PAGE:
post #61 of 128
12/27/02 at 1:09pm
|Originally posted by Ric B:
Si, another thing that I notice that is different from say ten years ago with 205 straight sticks and stiff forward boots, is that the tiredness I get early season has changed from what used to be more soreness in the quads and the calf(gastroc) to now a more general tiredness in a balanced way between all the lower body and leg muscles. My glutes and ham strings are now more in the picture, along wiht the quads, though it's not the soreness I used to experience years ago, on old school gear. :
|It is essential that CoG connect with ground at every step and with every edge change. Prior to fully committing to the new stance foot the balance system must confirm that a solid connection has been established. A foot pressing down on an edged ski is not yet ready to support CoG until the balance system confirms that a solid connection with the ground has been made with all 3 points of the foot. The current fixation with tipping skis on edge typically results in 1 out of a total of 3 points of the foot making any degree of contact with the ground. While 1 out of 3 may be OK for some situations balance requires 3 for 3. For the most part the current approach to skiing and ski teaching amounts to trying to partially walk on air or, worse trying to teach others to partially walk on air. This more than any other reason serves to explain why skier anxiety, fear and stress is often so high; the balance system is constantly looking for a connection with ground yet never finding one.
|The objective of my dialogue on stance is to teach skiers how to connect with the ground and to define the equipment factors required to support such a connection. In my next post I will describe left and right stances along with some exercises.|
|Originally posted by Pierre:
I think the average time from first hire to end of career is about 2 years. You won't change that statistic. .
|Originally posted by nolo:
[QB]Ott is right. Most instructors aren't into teaching as a personal mission of enlightenment. Most skiers aren't in skiing for enlightenment either.
But SOME are. Those that are in it for the philosophy (love of knowledge) will find incredible value in the sport for themselves and others.
|Originally posted by David M:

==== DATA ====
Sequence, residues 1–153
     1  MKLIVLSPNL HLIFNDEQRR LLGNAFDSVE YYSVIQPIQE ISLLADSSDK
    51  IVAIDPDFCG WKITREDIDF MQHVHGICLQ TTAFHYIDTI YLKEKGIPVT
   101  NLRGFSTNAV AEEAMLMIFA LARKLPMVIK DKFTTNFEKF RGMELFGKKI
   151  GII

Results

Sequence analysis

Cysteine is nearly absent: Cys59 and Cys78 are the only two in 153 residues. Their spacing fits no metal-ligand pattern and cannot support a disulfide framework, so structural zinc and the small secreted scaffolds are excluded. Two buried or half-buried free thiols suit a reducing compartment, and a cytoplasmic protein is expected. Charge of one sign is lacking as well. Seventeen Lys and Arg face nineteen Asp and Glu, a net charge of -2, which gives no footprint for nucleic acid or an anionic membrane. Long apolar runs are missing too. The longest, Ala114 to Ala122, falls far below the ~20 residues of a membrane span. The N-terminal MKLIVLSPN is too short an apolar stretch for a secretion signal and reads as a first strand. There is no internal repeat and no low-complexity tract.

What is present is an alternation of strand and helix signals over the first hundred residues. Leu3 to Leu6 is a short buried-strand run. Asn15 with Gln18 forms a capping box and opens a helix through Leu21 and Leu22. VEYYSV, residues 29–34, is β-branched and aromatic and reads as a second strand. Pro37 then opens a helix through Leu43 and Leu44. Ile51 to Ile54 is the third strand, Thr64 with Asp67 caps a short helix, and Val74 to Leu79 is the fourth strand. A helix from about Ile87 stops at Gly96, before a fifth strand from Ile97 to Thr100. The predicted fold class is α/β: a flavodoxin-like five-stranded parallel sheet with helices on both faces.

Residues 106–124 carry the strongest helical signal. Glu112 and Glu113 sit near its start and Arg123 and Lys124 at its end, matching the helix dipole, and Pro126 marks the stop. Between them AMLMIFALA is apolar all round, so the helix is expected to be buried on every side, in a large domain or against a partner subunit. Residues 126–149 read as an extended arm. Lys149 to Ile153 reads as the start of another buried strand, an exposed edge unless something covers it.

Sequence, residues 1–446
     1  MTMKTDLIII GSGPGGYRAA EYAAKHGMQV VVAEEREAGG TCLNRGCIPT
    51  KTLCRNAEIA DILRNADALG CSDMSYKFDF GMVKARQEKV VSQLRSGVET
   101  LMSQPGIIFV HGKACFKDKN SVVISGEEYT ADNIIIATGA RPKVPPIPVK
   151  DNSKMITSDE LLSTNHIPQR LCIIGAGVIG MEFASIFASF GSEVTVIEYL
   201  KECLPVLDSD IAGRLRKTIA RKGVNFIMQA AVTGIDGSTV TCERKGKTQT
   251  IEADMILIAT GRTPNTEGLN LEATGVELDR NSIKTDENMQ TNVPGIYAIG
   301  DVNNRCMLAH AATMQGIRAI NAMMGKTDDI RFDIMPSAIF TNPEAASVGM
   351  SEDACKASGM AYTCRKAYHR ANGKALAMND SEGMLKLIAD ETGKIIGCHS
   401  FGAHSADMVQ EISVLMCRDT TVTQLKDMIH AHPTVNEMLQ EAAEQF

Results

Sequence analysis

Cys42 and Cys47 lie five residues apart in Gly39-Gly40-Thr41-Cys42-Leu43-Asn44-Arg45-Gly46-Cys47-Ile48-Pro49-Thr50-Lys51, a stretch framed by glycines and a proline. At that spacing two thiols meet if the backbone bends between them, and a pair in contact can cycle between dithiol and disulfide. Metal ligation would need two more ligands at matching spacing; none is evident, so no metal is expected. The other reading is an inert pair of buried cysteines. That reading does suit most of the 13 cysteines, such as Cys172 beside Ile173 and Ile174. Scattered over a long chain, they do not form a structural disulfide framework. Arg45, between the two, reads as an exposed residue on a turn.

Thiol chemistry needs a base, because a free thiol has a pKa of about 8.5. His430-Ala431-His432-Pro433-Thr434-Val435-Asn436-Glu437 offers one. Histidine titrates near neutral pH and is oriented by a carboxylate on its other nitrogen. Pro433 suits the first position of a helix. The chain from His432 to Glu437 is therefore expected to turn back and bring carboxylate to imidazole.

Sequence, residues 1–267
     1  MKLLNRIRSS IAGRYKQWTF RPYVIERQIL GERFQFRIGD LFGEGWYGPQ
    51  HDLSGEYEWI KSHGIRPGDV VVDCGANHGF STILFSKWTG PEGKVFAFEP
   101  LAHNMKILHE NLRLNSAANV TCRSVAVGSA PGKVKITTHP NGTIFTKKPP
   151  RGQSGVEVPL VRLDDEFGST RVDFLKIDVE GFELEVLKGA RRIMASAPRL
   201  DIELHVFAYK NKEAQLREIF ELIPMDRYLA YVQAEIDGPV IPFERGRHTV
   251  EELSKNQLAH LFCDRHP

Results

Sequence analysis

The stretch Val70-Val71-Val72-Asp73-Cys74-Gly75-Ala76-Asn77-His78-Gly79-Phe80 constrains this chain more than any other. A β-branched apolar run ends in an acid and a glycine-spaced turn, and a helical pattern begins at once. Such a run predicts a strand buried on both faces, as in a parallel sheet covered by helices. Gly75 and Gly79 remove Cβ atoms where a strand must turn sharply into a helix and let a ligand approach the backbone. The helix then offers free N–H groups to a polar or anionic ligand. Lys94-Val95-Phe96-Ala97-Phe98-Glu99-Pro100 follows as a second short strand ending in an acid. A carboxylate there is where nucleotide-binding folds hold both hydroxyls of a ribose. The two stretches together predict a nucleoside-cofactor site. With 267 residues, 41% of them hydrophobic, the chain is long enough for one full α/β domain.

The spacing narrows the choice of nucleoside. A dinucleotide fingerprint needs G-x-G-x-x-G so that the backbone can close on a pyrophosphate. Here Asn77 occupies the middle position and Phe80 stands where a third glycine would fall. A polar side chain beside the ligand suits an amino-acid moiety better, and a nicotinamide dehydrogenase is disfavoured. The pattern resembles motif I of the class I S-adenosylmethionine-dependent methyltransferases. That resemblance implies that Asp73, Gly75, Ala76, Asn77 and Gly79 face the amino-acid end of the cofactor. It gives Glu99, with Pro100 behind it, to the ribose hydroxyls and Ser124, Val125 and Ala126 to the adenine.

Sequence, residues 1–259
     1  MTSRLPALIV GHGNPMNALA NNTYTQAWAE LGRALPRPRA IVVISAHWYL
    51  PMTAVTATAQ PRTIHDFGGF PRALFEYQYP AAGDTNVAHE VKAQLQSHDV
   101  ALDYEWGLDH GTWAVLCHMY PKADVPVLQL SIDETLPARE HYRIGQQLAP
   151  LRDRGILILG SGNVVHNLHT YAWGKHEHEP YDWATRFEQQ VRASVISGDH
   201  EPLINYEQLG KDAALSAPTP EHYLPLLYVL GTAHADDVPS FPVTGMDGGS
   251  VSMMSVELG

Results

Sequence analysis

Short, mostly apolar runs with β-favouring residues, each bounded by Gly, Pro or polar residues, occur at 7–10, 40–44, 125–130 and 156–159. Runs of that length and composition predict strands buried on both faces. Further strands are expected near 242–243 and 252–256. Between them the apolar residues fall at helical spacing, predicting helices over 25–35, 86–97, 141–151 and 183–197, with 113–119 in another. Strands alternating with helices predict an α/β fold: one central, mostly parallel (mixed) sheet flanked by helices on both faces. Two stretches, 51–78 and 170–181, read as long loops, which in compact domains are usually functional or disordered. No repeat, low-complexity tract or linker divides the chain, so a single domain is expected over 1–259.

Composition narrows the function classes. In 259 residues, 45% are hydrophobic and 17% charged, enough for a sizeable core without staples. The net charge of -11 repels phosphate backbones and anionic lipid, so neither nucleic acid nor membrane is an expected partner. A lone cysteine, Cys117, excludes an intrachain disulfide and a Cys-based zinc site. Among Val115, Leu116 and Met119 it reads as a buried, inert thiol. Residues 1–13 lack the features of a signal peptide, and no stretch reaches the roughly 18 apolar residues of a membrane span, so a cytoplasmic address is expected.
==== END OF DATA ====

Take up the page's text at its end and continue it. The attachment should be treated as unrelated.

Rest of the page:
One thing that is a huge problem is that many people stand normally with either one or both feet turned outward (i.e. duck feet). The muscles that rotate the leg being out of balance usually cause this. When skis force their feet into alignment (i.e. straight ahead) this can cause significant stress in the pelvis and lower back (are you out there LisaMarie?).
|I normally don’t like the use of under binding cants or boot sole canting as a long-term solution. There are a lot of things that can cause problems with dynamic knee tracking and other lower limb function issues that canting should be one of the last solutions to try (NOTE: The knee is not supposed to track straight ahead). The normal anatomic reference is for the feet to be on a surface that is at a right angle to the body. Canting messes this relationship up and can cause other problems that I will get to later. However getting the cuff neutral on the leg can be so finicky that small amounts of boot sole grinding may be necessary to fine tune side cant. And for some people canting may be the best thing that can be done.
|One reason I hardly work on ski boots anymore is that it is not unusual to have to remove the cuff from the boot, weld plastic into the cuff rivet holes and then reposition and re rivet the cuff on the lower shell in order to get forward lean and side cant right for some people.|
|One thing that is a huge problem is that many people stand normally with either one or both feet turned outward (i.e. duck feet). The muscles that rotate the leg being out of balance usually cause this.|